There are various ways of fixing the system so benefits don't suddenly drive off a cliff. Benefit growth could be reduced or tax collections increased (for example by doing away with the current cap on what high-income people pay in Social Security taxes) or some combination of the two.

You might not have heard about it yet, but there is a concrete proposal on the table right now to address the problems far into the future and in a number of ways improve the system. It's proposed by Representative John Larson (D-Connecticut) and colleagues in the House of Representatives. There's a clear summary here with a link to the actual text of the bill if you want all the details.

Confusion about Social Security is nothing new, of course. Here, for example, is a more or less similar post I wrote back in 2012. A lot of myths turn out to arise from misconceptions about the meaning of life expectancy, leading for example to confused pronouncements on the topic from former Texas governor, former presidential candidate, and U.S. Energy Secretary Rick Perry (see this post) and from former Senator Alan Simpson (see this one). Senator Simpson in particular ought to have known better, since he had just co-chaired the National Debt Commission with Erskine Bowles.

Possibly the best succinct explanation of life expectancy was a four-minute video from Hank Green I previously highlighted in a 2017 post here.

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How pharmaceutical companies take advantage of people with diabetes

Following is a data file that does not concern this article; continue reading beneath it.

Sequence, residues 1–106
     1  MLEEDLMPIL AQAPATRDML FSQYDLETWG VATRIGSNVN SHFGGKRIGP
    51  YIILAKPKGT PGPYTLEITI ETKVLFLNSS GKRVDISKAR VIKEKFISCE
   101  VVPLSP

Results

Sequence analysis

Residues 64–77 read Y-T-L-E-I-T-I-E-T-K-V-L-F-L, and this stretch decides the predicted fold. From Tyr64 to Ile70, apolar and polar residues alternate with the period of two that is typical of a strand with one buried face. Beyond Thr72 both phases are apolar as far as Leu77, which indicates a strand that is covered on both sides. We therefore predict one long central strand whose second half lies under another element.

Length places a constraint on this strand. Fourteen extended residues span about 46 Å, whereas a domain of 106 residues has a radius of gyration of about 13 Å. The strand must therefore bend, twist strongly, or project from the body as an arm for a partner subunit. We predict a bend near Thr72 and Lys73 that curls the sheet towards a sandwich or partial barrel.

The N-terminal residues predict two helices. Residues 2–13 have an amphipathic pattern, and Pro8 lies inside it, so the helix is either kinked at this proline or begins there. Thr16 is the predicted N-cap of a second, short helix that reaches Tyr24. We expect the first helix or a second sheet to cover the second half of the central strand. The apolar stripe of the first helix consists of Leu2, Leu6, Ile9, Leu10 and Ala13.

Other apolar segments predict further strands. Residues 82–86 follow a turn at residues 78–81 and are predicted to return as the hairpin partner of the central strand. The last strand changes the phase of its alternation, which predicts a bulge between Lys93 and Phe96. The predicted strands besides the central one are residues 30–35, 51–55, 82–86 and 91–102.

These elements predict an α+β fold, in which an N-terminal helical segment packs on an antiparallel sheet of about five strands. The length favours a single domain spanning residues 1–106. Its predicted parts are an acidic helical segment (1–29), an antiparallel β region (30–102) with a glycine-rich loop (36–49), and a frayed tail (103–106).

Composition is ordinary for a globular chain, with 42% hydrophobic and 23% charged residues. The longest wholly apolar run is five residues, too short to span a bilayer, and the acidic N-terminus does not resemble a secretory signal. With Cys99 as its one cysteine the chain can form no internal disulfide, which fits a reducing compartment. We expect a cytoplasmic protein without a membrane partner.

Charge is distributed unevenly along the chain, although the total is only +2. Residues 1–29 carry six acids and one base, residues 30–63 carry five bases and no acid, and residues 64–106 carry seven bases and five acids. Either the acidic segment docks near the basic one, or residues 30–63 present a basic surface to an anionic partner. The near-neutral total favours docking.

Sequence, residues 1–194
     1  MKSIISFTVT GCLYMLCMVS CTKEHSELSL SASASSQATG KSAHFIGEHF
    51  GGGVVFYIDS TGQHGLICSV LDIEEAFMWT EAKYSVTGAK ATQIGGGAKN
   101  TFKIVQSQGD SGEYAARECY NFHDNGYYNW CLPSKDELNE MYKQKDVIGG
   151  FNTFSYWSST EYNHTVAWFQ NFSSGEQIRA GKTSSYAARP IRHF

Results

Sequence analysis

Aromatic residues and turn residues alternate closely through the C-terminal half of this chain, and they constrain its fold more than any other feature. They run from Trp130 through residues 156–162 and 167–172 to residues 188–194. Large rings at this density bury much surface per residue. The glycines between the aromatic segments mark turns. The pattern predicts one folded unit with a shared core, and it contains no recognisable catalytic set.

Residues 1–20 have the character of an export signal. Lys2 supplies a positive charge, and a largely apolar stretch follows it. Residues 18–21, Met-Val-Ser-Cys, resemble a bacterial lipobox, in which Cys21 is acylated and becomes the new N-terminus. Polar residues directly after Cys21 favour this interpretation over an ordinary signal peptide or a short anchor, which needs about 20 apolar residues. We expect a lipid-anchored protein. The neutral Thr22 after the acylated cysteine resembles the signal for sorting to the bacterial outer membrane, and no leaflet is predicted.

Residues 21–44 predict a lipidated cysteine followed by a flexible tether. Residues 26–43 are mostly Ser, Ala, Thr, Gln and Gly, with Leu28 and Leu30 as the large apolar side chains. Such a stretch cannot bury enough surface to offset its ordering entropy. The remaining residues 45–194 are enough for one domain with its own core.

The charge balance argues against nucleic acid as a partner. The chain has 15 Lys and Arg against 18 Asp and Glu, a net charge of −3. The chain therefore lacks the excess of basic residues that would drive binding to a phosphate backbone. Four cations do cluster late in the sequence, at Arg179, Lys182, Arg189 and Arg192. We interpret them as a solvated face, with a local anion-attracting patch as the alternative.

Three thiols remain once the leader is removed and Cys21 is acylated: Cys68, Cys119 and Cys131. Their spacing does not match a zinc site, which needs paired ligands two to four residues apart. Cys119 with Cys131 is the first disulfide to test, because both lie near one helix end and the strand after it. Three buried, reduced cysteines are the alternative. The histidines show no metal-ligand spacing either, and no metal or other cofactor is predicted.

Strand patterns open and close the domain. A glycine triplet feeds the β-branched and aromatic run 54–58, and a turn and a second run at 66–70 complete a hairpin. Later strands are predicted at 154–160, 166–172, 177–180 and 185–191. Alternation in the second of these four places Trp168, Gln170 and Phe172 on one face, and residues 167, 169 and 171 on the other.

When Banting and colleagues discovered insulin and saved countless lives they refused to profit from it. Their successors are making millions from Americans. The price used to be low, and it's still low elsewhere, but pharmaceutical companies have jacked up prices by an incredible amount in recent years, as has happened with a lot of other things lately. For patients it's literally a case of your money or your life.



For a very brief history of how insulin was discovered (and a sea shanty about it), see this earlier post. It was mainly the work of four people, two of whom were awarded the Nobel Prize and who then shared the award with the other two.

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The recently arrested compete for most nuts

It took me a while to figure out it was Michael Keaton:


By the way, I've been griping that the news media haven't answered the most important question about Julian Assange's arrest, namely, what happened to his cat? The Washington Post is ahead of everyone else on this it turns out, with an article headlined (and I'm not making this up):

The mystery of Julian Assange’s cat: Where will it go? What does it know?

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Don Cheadle recalls trying not to be recognized in London with several other members of the Avengers cast

On Late Night with Seth Meyers (back in February), Don Cheadle recalls the night he, Robert Downey Jr, Chris Hemsworth, Chris Evans, et al decided to walk a few blocks in packed London streets despite an expectation of being mobbed. It didn't quite work out as they expected. As a bonus, Cheadle recalls how he came to meet Secretary of State Condoleeza Rice during the George W Bush administration.


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How rounding numbers affects the law and politics

British mathematician, humorist, and author Matt Parker (whose YouTube channel is "standupmaths") describes how rounding can have unexpected effects, even on how the Trump administration tried to get around a provision in the Affordable Care Act to please insurance industry lobbyists: